climate change

Antarctica Is Hotter Than Ever

Photo: Wolfgang Kaehler/LightRocket via Getty Images

Every day brings dismal new evidence of climate change’s detrimental effects on life as we know it. Last fall, some of Venice’s oldest historical sites filled with dirty floodwater, causing irreparable damage. Over the past few months, at least one billion animals have died in Australia’s climate-change–fueled bushfires. And this week, Antarctica, a continent known for its frigid temperatures and icy terrain — as well as melting ice caps and rising sea levels — was, at one point, as hot as San Diego.

On Thursday, Argentina’s National Meteorological Service announced on Twitter that Antarctica had logged its hottest temperature ever: 65 degrees Fahrenheit (just over 18 degrees Celsius). According to the tweet, this temperature was recorded at the continent’s northern tip, and beats Antarctica’s previous record high of 63.5 degrees Fahrenheit, which was set in March 2015.

While CNN reports that the World Meteorological Organization has yet to verify the new temperature, in a 2017 press release the organization noted that Antarctica’s peninsula — where the temperature was recorded — is “among the fastest-warming regions of the planet.” The release went on to lay out some of the consequences of this warming: “Some 87 percent of glaciers along the west coast of the Antarctic Peninsula have retreated in the last 50 years, with most of these showing an accelerated retreat in the last 12 years.” Nearly all the glaciers in the region are melting, and many are cracking.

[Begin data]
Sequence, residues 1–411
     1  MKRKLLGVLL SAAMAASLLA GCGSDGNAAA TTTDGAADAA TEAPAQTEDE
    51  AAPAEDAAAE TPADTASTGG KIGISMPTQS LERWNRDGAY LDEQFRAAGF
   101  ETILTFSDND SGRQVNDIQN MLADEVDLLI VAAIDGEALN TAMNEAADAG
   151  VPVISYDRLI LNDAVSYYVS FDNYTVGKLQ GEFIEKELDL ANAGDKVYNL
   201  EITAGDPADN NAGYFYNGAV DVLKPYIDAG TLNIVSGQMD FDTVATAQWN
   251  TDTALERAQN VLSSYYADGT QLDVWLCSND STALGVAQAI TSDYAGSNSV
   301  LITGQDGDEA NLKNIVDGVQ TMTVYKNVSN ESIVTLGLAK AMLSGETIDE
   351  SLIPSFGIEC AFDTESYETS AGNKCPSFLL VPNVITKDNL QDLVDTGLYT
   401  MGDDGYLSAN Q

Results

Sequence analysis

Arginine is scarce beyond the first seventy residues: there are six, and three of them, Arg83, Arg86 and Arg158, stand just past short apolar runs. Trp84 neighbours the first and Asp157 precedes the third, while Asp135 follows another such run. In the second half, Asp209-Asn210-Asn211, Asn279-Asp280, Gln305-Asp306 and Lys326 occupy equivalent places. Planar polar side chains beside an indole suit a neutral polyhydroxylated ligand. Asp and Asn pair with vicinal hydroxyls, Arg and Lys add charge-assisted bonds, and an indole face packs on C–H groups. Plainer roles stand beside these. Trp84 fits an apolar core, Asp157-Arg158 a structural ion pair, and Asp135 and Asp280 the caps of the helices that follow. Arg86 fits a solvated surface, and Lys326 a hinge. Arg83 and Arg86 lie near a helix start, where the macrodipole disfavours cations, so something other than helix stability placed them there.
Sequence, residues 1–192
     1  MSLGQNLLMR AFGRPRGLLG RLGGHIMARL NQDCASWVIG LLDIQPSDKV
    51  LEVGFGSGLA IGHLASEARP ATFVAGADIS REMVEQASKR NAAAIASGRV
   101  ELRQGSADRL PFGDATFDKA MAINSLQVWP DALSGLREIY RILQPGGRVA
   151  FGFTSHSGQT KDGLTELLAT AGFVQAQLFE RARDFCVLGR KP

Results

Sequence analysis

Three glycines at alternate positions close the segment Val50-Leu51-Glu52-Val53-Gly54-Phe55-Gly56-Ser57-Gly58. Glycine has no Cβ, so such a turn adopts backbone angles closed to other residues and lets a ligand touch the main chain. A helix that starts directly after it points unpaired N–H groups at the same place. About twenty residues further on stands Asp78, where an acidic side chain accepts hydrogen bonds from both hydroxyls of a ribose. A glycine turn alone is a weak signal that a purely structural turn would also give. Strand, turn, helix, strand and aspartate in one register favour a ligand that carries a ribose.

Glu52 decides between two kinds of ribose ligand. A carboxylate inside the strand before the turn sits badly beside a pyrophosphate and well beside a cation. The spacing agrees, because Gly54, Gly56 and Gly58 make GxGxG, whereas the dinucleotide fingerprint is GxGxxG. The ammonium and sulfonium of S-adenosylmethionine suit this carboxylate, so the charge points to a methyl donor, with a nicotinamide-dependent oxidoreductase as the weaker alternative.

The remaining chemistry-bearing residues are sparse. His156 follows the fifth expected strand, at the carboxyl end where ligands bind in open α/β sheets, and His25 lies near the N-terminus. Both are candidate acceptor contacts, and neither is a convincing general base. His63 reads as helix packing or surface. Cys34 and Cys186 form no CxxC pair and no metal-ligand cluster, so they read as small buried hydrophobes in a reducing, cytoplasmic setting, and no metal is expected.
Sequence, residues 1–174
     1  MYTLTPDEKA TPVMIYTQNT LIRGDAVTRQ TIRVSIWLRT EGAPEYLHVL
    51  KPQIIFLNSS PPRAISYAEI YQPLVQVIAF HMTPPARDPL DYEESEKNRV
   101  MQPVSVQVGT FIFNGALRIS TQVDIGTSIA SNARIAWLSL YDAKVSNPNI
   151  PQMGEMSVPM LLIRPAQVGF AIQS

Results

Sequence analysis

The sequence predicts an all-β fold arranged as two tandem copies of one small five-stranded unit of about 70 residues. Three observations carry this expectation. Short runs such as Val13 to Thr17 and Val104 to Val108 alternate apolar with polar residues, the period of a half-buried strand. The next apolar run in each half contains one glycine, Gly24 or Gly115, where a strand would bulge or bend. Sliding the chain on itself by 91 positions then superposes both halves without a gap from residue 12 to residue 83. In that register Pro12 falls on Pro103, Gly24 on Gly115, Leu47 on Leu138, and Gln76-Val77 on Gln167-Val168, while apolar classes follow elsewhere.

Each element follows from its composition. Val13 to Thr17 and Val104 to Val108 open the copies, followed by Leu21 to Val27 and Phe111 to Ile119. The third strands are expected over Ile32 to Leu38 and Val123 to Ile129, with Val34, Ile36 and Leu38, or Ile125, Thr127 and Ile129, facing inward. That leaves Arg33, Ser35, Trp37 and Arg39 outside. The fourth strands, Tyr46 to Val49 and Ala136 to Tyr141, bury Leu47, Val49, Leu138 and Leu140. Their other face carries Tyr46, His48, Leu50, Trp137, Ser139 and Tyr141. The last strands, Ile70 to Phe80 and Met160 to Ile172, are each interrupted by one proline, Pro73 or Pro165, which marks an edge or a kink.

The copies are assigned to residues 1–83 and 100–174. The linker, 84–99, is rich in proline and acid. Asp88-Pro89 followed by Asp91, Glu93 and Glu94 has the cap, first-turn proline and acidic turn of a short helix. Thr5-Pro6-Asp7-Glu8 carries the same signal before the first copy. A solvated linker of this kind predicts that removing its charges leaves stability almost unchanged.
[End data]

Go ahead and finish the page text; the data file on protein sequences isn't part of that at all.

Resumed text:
Speaking of the recent temperature record, climate scientist James Renwick told the Guardian Australia, “The reading is impressive as it’s only five years since the previous record was set and this is almost one-degree centigrade higher. It’s a sign of the warming that has been happening there that’s much faster than the global average.”

According to Eric Steig, a glaciologist studying climate change at the University of Washington, we’ll likely see the record broken again in the near future. “We can expect these sorts of records to be set again and again, even if they aren’t set every single year,” he told the Washington Post.

Antarctica Is Hotter Than Ever